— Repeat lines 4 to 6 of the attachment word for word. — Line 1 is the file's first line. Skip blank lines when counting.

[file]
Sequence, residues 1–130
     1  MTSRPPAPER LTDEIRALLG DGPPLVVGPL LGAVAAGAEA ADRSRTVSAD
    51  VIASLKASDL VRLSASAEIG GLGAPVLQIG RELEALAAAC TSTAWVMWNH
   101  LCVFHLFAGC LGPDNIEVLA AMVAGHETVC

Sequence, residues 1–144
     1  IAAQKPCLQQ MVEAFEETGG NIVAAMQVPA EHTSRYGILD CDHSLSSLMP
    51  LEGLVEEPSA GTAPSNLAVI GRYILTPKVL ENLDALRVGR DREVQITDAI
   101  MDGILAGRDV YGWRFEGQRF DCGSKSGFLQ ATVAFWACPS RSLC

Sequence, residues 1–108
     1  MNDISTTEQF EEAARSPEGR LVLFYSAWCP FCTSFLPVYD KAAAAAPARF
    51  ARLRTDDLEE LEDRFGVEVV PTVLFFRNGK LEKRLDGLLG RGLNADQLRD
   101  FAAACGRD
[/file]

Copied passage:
   101  LCVFHLFAGC LGPDNIEVLA AMVAGHETVC

Sequence, residues 1–144
     1  IAAQKPCLQQ MVEAFEETGG NIVAAMQVPA EHTSRYGILD CDHSLSSLMP